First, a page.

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Construction Management program celebrates 50 years amid successful partnership with industry

At a recent 50th anniversary celebration event, Sacramento State Construction Management Department Chair Mikael Anderson, left, presented dozens of awards to significant affiliates of the program, such as retired faculty, staff, and alumni, including 1988 graduate Henry Meier, project executive at Swinerton Builders, right. (Sacramento State/Belen Torres)

In 1972, Don McLean’s “American Pie” was making music lovers smile, NASA was launching its space shuttle program, and Atari’s Pong video game was bouncing into arcades.

At Sacramento State, students were filing into classes to build their careers in a brand-new Construction Management (CM) program.

The program was part of Civil Engineering until it became its own department under the College of Engineering and Computer Science in 2012. By the early 2000s, it remained relatively small, with only about 130 students each year and a couple faculty.

Celebrating its golden anniversary this year, the program averages about 400 enrolled students annually and employs seven faculty, and between 20 and 30 part-time instructors.

“We have 100% job placement due to how well-prepared our graduates are for their career.” -- Mikael Anderson, Construction Management department chair

A strong bond between the program and the construction industry is a significant reason for its success. It’s a marriage that has grown exponentially stronger over the program's five decades.

“One of the things that I value most, since the very beginning of my tenure, is that we only hire people with very practical-oriented experience because this is a hands-on program,” said Mikael Anderson, CM department chair, who recently invited alumni, faculty, and staff to a 50th anniversary celebration where he gave out dozens of recognition awards.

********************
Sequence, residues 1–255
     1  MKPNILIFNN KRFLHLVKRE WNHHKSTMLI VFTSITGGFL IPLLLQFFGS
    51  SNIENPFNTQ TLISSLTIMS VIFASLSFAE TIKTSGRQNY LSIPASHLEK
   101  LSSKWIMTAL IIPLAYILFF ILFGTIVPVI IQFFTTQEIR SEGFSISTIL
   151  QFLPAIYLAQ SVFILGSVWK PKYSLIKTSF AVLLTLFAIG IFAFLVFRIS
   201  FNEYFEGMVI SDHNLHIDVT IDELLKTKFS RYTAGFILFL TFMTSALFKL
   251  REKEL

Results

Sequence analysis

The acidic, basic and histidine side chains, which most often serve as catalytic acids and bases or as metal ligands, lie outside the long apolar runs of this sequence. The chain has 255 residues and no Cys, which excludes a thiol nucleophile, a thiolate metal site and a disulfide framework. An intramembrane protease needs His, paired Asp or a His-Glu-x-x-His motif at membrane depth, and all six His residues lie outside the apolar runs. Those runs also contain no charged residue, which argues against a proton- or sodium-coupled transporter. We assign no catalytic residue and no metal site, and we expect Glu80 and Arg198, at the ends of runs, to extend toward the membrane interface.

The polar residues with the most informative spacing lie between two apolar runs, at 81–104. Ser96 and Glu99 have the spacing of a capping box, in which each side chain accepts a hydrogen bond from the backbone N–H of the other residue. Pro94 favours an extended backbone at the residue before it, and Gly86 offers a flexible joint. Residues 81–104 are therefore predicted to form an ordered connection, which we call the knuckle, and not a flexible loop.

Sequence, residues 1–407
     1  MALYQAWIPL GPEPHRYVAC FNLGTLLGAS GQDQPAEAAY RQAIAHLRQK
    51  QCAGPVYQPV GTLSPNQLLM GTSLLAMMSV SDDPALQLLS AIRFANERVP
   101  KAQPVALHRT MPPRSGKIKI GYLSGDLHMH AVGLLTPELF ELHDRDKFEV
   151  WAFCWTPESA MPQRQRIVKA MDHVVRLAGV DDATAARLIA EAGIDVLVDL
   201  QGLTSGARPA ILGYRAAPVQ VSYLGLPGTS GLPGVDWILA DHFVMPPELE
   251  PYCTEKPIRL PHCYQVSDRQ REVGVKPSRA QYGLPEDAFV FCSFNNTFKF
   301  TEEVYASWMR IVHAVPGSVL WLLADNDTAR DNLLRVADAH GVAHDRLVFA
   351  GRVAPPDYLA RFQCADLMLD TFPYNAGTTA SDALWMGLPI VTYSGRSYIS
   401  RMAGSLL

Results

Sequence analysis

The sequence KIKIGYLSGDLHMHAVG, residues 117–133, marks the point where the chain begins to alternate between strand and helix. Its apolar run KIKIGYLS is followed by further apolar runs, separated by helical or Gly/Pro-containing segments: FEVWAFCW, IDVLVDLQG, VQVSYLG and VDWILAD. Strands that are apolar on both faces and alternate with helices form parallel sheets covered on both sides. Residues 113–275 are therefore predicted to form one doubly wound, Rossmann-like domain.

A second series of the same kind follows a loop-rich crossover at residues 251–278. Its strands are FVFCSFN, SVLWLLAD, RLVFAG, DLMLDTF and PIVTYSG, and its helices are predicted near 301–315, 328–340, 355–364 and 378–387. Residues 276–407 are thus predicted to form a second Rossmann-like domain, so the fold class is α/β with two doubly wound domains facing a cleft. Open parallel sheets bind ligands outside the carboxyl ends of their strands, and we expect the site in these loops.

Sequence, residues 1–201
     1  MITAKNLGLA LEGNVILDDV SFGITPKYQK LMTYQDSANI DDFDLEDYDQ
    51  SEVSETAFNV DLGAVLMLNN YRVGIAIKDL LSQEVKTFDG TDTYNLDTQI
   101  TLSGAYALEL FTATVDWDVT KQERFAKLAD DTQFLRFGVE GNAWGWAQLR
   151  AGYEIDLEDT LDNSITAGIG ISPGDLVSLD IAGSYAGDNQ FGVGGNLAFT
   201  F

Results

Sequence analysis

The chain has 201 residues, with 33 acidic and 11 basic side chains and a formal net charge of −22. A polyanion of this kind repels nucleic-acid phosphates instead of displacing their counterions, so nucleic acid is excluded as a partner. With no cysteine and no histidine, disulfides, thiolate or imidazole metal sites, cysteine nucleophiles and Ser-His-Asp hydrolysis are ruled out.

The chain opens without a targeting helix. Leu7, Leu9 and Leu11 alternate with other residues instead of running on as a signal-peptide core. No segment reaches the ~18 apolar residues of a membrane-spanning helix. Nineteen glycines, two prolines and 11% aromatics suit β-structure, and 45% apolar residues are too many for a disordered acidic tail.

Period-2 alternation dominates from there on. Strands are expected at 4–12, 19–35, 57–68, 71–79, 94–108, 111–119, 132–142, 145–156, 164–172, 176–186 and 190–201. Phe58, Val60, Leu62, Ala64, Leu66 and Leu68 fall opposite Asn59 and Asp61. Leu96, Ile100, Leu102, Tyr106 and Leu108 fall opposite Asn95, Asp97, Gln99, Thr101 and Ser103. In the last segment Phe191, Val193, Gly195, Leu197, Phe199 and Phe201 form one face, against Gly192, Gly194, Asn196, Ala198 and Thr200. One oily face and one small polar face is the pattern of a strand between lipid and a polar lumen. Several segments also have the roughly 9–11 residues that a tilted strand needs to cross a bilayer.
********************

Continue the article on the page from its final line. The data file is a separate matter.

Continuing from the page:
“The industry-experienced faculty and instructors bring that very real knowledge to the classroom, and our students appreciate that aspect of our curriculum.”

The CM program was quite different in its early days, said alumnus Don Carroll, president of Western Engineering Contractors, Inc., a company he started in 1982 whose building projects include stadiums, school facilities, and shopping centers.

“They had a curriculum, they had a program put together … but it was more of an offshoot (of Engineering and Civil Engineering), and a lot of the classes were pretty old,” Carroll said.

When Dick Nichols retired from the industry and took over Sac State’s program, however, it began to take its modern shape, said Carroll, who was part of the first group to complete the full program in 1977. Nichols restructured coursework, updated curriculum, and added a business minor requirement.

“I was very thankful that he did because he was very hands-on. He knew construction,” Carroll said. “He basically was the architect of the program as we know it today.”

Carroll also serves on the board of the Sacramento Construction Management Education Foundation (SCMEF), a nonprofit established in 2004 to support CM faculty, staff, and students. SCMEF is a critical component of the CM program, Anderson said.

“SCMEF has been extremely impactful to our department and to me in my leadership,” he said. “We wouldn’t be here today without them volunteering hundreds of hours each year.”

Anderson said the business element is one of the ways CM helps students succeed in the field.

“At the end of the day, yes, you’re doing construction, but you’re really managing people, you’re managing work, you’re managing a business,” Anderson said. “We feel a business degree is essential to our graduates’ success in the industry.”